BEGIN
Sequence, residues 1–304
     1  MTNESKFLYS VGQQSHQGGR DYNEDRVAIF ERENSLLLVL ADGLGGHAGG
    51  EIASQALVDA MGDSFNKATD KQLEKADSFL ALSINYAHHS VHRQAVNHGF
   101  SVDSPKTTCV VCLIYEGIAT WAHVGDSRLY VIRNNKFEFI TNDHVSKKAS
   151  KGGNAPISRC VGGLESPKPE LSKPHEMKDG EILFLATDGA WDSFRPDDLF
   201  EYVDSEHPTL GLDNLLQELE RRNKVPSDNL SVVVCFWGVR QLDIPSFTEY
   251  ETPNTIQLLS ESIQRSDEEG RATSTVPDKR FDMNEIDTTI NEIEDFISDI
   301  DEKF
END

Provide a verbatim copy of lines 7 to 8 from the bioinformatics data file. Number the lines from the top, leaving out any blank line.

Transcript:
   251  ETPNTIQLLS ESIQRSDEEG RATSTVPDKR FDMNEIDTTI NEIEDFISDI
   301  DEKF